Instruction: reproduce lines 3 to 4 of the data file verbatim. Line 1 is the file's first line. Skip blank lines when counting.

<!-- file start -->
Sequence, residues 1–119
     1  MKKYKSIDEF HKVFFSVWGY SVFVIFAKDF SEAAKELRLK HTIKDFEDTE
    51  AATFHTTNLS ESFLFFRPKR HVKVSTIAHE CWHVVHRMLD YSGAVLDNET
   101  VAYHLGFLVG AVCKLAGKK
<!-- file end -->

    51  AATFHTTNLS ESFLFFRPKR HVKVSTIAHE CWHVVHRMLD YSGAVLDNET
   101  VAYHLGFLVG AVCKLAGKK